Lancaster: Home Improvement Agency Integrated Adaptations Service
Lancaster City Council’s Home Improvement Agency (HIA) has developed an integrated adaptation service providing residents with a one stop shop for all forms of adaptations, including the delivery of the mandatory Disabled Facilities Grant (DFG) programme and statutory minor adaptations. The service takes a proactive approach to identifying the needs of residents, ensuring all service users have access to the full range of HIA services, including handyperson services, energy improvements, and assistance in increasing financial resilience. It has been acknowledged as a model of good practice in the sector and has won several national awards including the 2022 UK Housing Awards for Innovation in Services, and the 2022 National Healthy Homes Awards for Sustainability in Housing Adaptations.
The service delivers on the government’s ambition of preventive, person centred service- bridging the gap between health, social care, and housing. It provides vulnerable residents with a true person-centred service and an excellent example of partnership and collaborative working between health and housing. It operates with no waiting lists and despite rising costs, the HIA has also maintained an average cost per adaptation well below the national average.
This in-house agency is dedicated to helping vulnerable older and disabled residents across all tenures, within an area of over 60,000 households, live safely and with dignity in their own homes. The council has built on this service over the last year, making it even more innovative:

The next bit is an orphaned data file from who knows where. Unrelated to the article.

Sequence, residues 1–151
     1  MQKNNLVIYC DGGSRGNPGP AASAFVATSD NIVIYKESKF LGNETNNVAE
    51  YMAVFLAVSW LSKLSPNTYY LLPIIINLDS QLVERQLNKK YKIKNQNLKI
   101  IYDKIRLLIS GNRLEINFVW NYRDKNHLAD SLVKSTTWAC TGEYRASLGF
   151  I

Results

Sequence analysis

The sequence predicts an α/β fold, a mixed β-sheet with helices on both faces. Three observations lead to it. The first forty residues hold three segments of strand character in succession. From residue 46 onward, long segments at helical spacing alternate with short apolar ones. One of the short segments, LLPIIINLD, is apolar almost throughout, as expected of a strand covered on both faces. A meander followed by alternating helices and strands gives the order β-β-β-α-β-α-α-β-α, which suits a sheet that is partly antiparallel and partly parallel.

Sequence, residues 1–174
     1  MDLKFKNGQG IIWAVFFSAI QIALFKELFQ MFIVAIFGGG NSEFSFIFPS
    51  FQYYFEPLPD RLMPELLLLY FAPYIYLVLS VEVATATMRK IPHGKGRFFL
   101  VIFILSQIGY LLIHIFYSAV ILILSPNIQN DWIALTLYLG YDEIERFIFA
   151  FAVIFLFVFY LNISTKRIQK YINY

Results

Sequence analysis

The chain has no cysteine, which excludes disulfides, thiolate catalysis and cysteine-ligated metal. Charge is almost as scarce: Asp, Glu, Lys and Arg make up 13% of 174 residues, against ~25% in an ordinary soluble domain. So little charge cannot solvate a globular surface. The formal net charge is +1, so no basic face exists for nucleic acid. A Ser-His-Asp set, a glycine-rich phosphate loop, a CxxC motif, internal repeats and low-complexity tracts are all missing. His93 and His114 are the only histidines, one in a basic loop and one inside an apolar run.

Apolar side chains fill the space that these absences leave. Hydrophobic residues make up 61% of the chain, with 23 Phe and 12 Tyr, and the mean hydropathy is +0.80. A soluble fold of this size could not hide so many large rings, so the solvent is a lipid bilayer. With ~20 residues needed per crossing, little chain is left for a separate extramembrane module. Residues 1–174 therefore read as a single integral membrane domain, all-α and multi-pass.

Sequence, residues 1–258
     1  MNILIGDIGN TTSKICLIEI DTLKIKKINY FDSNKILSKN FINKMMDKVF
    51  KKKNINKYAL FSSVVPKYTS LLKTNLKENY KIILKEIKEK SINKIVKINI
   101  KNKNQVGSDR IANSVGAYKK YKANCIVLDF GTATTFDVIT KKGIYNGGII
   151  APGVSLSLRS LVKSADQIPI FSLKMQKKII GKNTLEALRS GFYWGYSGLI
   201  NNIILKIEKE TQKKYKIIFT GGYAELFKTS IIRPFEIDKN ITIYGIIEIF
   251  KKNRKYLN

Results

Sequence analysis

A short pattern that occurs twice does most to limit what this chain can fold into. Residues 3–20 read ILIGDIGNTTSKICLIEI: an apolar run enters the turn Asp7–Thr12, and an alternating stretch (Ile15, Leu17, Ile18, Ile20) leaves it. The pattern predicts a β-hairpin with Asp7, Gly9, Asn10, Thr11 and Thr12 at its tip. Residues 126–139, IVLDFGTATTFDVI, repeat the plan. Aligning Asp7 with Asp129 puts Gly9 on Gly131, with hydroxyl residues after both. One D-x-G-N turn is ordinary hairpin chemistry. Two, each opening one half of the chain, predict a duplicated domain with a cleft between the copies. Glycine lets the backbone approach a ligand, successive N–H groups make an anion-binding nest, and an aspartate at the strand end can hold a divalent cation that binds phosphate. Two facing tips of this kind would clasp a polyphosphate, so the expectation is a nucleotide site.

A new pilot scheme has enabled HIA staff to self-prescribe a full range of aids and equipment, and to undertake assessments for minor adaptations; all without the need to refer residents back to the county authority. This new approach enables residents to approach the HIA direct, avoiding a wait for assessment by social services, and enables typical minor adaptations to be completed from enquiry to completion in an average of 10 days. This upstreaming of prevention eases the burden on social care services.
As part of the council’s response to the climate emergency, the HIA introduced a new Energy Retrofit Service, integrated into the adaptation service. It works by helping vulnerable residents make improvements to the energy efficiency of their homes, whilst disabled grant adaptations are undertaken as part of the service. The HIA recruited a Retrofit Officer and funded their training to qualified Domestic Energy and the British Standards Institute PAS (Publically Available Specification) Energy Assessor level.
The service conducts free energy assessments in grant applicants’ homes to identify energy improvements that can be made alongside the disabled grant work. It helps the disabled resident to secure funding, obtain quotes and undertakes the work. The HIA secured funding to enable its caseworkers to provide DFG applicants with free energy advice and minor energy improvements undertaken by the handypersons.
Over the last year 100% of clients reported they were satisfied with the Integrated Adaptation service, with a further 98% reporting the service had increased their independence, quality of life, health, and confidence.